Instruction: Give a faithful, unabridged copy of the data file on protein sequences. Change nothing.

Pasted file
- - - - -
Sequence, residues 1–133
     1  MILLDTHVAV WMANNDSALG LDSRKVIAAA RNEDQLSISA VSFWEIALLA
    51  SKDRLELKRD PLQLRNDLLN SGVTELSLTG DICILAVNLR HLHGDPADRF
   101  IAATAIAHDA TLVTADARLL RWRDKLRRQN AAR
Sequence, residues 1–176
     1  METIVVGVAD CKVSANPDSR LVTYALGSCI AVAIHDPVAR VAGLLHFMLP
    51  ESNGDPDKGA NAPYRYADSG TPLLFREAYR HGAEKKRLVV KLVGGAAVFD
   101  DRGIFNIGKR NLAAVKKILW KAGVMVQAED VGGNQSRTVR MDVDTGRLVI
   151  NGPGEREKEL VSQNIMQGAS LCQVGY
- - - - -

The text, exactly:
Sequence, residues 1–133
     1  MILLDTHVAV WMANNDSALG LDSRKVIAAA RNEDQLSISA VSFWEIALLA
    51  SKDRLELKRD PLQLRNDLLN SGVTELSLTG DICILAVNLR HLHGDPADRF
   101  IAATAIAHDA TLVTADARLL RWRDKLRRQN AAR
Sequence, residues 1–176
     1  METIVVGVAD CKVSANPDSR LVTYALGSCI AVAIHDPVAR VAGLLHFMLP
    51  ESNGDPDKGA NAPYRYADSG TPLLFREAYR HGAEKKRLVV KLVGGAAVFD
   101  DRGIFNIGKR NLAAVKKILW KAGVMVQAED VGGNQSRTVR MDVDTGRLVI
   151  NGPGEREKEL VSQNIMQGAS LCQVGY